“I have no notion of the Spirit dwelling in a man and not giving a clear evidence of His presence. And I believe it to be a signal evidence of the Spirit’s presence when the Word is really precious to a man’s soul.”

One of the battlegrounds of the Reformation was over the sufficiency of the written Word. Were the Scriptures alone, sola scriptura, sufficient for gaining salvation and for knowing all that God requires? Or, was something more needed to make the gospel clear, complete and effective? One of the skirmishes in this battle focused upon the question of whether the Scriptures were perspicuous, clear for all, or were they beyond the common man and in need of interpretation by the infallible witness of the Church.  

The Roman Catholic Church had taken the position that arbitrary and private judgment would lead to mass confusion. She claimed that God had appointed her to be the one authoritative and infallible interpreter. Here is how Cardinal Gibbons, the former Archbishop of Baltimore, expressed Rome’s position. 

“We must, therefore, conclude that the Scriptures alone cannot be a sufficient guide and rule of faith because they cannot, at any time, be within the reach of every inquirer; because they are not of themselves clear and intelligible even in matters of the highest importance, and because they do not contain all necessary truths for salvation.”

Erasmus and Luther were locked in a theological dispute over this very issue. Erasmus divided the scriptures into two classes: those which were clear and those which are obscure. He cited two scriptures to validate his position: “Oh, the depth of the riches of the wisdom and knowledge of God! How unsearchable his judgments, and his paths beyond tracing out!” [Rom 11:33-34]; and, “Who has understood the mind of the LORD, or instructed him as his counselor?” [Isa 40:13]

Luther, being a master “logic chopper,” saw through the fallacy of Erasmus’s argument. He differentiated between God and His Word. Certainly, God’s thoughts and God’s ways are higher than ours. That is the point of both Paul’s and Isaiah’s words. But the reason God gave us the written Word was so that we could know His will and His ways. Deuteronomy 29:29 says it like this: “The secret things belong to the LORD our God, but the things revealed belong to us and to our children forever, that we may follow all the words of this law.”  

Luther argued that we had enough confusion without God purposefully giving us obscure scriptures. Why would a good God give us the Bible so that we could have more darkness? Sure there were scriptures that were hard for some to understand, but it was not the fault of God or His Book. He wrote,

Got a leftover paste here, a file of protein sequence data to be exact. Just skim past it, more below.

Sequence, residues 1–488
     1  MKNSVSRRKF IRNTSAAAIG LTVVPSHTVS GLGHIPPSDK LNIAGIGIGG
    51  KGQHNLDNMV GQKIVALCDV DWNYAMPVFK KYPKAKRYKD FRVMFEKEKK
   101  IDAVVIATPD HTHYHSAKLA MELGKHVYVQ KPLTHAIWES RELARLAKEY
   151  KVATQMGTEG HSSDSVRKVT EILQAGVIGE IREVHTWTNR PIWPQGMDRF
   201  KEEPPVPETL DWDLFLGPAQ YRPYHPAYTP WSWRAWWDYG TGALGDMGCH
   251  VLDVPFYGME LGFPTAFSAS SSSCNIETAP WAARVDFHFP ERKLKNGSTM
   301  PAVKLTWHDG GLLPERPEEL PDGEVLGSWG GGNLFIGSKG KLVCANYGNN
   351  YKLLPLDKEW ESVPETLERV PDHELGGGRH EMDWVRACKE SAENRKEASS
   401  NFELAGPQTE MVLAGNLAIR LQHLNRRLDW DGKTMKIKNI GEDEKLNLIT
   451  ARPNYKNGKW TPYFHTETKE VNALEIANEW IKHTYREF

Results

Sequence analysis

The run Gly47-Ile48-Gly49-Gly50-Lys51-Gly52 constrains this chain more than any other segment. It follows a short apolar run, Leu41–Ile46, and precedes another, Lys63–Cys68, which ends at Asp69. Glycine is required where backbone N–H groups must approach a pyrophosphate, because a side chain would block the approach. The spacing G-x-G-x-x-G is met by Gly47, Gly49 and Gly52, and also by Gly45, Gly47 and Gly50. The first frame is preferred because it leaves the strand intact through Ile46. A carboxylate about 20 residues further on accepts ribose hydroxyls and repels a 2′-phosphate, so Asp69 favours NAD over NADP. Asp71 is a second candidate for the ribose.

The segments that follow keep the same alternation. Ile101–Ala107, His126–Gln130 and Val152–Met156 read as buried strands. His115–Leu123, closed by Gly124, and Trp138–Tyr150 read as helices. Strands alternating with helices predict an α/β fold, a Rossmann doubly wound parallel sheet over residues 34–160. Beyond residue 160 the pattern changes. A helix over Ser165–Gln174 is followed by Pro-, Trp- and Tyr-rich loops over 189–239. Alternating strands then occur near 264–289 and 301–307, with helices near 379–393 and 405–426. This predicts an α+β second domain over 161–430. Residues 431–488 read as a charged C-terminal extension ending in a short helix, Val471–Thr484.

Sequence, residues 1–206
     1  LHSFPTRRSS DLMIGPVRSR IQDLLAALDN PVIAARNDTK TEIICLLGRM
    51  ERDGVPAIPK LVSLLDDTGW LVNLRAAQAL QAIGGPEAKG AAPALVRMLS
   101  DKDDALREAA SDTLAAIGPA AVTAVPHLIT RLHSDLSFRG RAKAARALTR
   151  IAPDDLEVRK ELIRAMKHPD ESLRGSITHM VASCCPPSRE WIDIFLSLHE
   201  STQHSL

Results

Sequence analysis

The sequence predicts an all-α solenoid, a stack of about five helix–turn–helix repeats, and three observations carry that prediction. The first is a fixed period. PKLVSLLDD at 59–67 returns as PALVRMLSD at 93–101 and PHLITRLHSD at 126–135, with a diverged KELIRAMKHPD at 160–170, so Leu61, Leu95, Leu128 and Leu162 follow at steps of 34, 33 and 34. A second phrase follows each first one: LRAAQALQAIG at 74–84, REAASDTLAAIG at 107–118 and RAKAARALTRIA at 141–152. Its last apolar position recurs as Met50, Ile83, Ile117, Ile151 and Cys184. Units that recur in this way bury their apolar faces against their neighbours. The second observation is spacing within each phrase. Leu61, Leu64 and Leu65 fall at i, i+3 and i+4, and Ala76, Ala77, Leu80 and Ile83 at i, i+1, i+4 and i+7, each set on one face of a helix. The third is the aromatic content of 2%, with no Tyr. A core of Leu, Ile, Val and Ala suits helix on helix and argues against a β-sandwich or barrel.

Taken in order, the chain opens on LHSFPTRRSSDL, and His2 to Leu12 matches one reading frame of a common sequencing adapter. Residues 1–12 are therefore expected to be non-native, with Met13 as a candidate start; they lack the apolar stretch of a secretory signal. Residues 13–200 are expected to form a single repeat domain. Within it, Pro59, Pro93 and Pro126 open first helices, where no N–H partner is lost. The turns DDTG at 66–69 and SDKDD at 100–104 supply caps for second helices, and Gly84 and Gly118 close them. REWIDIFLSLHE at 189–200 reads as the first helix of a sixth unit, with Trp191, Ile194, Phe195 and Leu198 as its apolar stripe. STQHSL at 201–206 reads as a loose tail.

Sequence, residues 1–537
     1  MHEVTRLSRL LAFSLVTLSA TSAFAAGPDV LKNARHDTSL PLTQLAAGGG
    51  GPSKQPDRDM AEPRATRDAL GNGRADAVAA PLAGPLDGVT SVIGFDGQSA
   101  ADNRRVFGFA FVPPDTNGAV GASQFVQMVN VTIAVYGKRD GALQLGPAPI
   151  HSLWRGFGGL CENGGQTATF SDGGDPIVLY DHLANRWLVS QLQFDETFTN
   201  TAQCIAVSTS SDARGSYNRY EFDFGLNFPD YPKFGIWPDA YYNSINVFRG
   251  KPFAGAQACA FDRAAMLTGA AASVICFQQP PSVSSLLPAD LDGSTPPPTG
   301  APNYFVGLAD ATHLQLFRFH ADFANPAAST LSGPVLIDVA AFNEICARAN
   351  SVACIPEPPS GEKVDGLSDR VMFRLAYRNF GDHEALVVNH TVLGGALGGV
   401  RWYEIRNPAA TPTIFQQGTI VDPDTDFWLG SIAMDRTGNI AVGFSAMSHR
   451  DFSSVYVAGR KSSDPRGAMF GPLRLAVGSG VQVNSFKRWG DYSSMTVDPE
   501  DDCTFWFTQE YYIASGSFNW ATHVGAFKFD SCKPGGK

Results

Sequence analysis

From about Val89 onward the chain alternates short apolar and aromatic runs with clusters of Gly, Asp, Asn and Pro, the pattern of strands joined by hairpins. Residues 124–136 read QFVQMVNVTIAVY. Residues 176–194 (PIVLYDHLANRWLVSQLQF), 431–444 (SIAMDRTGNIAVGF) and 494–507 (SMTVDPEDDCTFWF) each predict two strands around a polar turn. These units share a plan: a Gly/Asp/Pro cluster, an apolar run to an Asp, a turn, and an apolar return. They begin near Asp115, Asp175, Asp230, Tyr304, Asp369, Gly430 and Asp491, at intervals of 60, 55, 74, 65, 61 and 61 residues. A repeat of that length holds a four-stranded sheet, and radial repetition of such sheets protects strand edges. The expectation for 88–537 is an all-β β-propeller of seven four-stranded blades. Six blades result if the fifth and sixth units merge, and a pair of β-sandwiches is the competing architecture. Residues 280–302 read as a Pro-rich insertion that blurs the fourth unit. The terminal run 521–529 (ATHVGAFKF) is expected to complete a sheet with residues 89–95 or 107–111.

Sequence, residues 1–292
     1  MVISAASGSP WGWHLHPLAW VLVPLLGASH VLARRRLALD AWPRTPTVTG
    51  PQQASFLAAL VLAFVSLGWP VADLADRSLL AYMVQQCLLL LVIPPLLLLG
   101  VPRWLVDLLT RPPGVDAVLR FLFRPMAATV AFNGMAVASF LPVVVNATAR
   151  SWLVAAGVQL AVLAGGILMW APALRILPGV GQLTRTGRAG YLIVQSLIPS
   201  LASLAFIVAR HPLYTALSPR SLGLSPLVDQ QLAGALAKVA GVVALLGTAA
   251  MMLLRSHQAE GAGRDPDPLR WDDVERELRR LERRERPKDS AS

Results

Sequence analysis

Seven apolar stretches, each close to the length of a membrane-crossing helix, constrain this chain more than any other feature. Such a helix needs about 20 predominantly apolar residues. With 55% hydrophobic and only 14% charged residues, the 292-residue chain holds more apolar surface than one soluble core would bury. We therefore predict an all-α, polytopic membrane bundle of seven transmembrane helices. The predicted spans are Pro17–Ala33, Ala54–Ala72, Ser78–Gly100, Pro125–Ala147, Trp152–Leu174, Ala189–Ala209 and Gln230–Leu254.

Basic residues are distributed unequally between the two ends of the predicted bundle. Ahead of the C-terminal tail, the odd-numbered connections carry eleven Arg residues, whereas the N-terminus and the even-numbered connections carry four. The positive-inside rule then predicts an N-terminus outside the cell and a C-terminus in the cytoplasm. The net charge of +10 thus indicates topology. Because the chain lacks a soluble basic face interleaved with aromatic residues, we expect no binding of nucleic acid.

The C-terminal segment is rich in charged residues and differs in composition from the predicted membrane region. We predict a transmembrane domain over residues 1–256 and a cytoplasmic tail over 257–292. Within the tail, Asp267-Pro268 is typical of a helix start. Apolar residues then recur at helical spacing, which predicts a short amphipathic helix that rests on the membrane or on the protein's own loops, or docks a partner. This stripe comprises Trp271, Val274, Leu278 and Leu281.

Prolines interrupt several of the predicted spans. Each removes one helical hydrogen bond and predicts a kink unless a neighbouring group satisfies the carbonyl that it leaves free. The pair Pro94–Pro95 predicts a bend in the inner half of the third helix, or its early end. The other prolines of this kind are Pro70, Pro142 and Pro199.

“I certainly grant that many passages in the scriptures are obscure and hard to elucidate; but that is due, not to the exalted nature of their subject, but do to our linguistic and grammatical ignorance; and it does not in any way prevent our knowing all the contents of scripture. For what solemn truth can the scriptures still be concealing, now that the seals are broken, the stone rolled away from the door of the tomb, and that greatest of all mysteries brought to light- that Christ, God’s Son became man, that God is Three in one, that Christ suffered for us, and will reign forever? Take Christ from the scriptures- and what more will you find in them?”

The key had been given to the treasury house of God’s purposes. Jesus Christ is that key. With the glorious door opened, Luther concluded that there were really only two issues at stake: external clarity and internal clarity. External clarity has to do with the objective scriptures themselves. All written scriptures are clear. If there is a passage that is hard to understand in one place it will be made clear in another. Paul declared that: “All things that are written are written for our instruction” [Rom 15:4]. Therefore, “all” scriptures are useful, not for confusion but instruction. Passages like, “The unfolding of your words gives light; it gives understanding to the simple; [Ps 119:130] and, “The statutes of the LORD are trustworthy, making wise the simple, [Ps 19:7] seem to discredit the Roman Church’s claim. The “simple” are those who are unlearned and vulnerable to deception, but these passages declare that the Word of God can overcome their weakness. At every point the Bible affirms that “The commands of the LORD are radiant, giving light to the eyes.” [Ps 19:8] Nowhere will you find implicit or explicit teaching that the Scriptures are in some way deficient in their clarity and in need of a privileged class of interpreters.